Sunday, February 27, 2005

Musicians: You Are Now Obsolete.

A new (and apparently a rather dark) blogger named Abner Gromble has brought to my attention that computer-generated music is no longer a pipe dream in Ray Kurzweil’s fertile imagination.

What does a Post-modern composer do when he hits a bad string of writer’s block and can't come up with any new tunes. Why, he makes a computer program that makes up music for him! David Cope has actually created software that can compose music in the form of artists like Bach, Beethoven, or Ragtime in the form of Joplin.

A list of his free mp3 computer compositions can be found here. As you'll listen, you'll notice that the music get progressively worse as you go down the list. This is not due to bad programming, but rather due to Cope's rather strange musical style. "Innovation" could easily be confused for 18th century Bach. The faux Beethoven is an obvious ripoff of the moonlight sonata. The Ragtime is nice; ironically and frighteningly reminiscence of a tune a player piano would make. But the rest sounds like Bjork singing to the theme from Planet of the Apes, or rejected cuts from a Tangerine Dream jam session.

Cope's programs are fantastic and show the extent that software design is going to revolutionize society. However, it helps to keep this innovation in context. The program merely takes apart and puts together existing musical patterns. It cannot (yet) make unique music with its own style.

Of all the sounds imaginable, a computer cannot pick on out and say "this is a nice tune". Software cannot discern beauty. More fundamentally, software cannot make the identifications necessary for creativity. Computers cannot say "This exists!", let alone "This is like that", or "This is a sound. This is good music. This sound is the same as good music." In the end, computers still only can know the information we tell them, the initial identifications we make. Or if you're a believer in meme theory, you would say that computers are breeding grounds for memes to replicate, but not for their creation or significant evolution. I don't believe in meme theory, so I say that computers are still nothing more than tools which fashion what the human mind originally envisions.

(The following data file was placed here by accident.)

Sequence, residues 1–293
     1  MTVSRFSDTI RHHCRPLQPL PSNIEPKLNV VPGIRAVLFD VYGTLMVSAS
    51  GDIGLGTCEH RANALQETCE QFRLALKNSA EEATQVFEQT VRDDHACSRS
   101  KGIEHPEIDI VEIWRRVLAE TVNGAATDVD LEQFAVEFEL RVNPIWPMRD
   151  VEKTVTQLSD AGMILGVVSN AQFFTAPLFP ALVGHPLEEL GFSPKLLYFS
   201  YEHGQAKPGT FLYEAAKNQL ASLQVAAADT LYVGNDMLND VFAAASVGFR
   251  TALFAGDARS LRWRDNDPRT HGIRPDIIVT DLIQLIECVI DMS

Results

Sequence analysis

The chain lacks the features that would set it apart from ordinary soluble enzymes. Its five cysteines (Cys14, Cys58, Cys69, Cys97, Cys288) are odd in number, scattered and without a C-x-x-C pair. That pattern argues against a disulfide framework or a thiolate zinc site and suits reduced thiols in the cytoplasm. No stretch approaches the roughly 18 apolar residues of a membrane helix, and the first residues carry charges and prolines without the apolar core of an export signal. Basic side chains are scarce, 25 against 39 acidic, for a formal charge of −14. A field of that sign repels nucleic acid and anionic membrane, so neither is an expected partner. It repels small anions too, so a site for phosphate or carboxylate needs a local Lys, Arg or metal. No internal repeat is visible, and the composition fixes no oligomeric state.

At 7:31 PM, Blogger Marcus Cicero said...

So much music on the airwaves already lacks any real artistry, I doubt that anyone would notice the weak points of Cope's software.

I have long supposed that when computers edge into areas of human creativity, it's all over. Cope's code may be lacking, and crude; but fast-forward 20 years, with improvements in software and hardware, and it's conceivable that art is best left to humans' successors. At which point humans will be unecessary.

I'm glad I grew up in the 60s and 70s, and played with dirt rather than ones and zeroes.

Thanks for this post -- I will keep it in my cap for something on Winds of Change.

At 9:25 PM, Blogger Tom said...

I'm waiting until it becomes possible to insert your aesthetic preferences into such a program so that it performs the culling process itself.

Imagine inputting clips of pleasing tone-intervals, textures, tempos, and having the program itself filter out those songs that conform to your preferences!


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